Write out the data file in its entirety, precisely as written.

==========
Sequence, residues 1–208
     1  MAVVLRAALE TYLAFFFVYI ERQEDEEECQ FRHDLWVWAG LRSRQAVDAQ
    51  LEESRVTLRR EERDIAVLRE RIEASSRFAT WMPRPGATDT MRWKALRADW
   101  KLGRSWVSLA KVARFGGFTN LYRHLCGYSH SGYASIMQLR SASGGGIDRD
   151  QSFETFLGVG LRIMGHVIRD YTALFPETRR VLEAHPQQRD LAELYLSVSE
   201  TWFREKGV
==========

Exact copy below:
Sequence, residues 1–208
     1  MAVVLRAALE TYLAFFFVYI ERQEDEEECQ FRHDLWVWAG LRSRQAVDAQ
    51  LEESRVTLRR EERDIAVLRE RIEASSRFAT WMPRPGATDT MRWKALRADW
   101  KLGRSWVSLA KVARFGGFTN LYRHLCGYSH SGYASIMQLR SASGGGIDRD
   151  QSFETFLGVG LRIMGHVIRD YTALFPETRR VLEAHPQQRD LAELYLSVSE
   201  TWFREKGV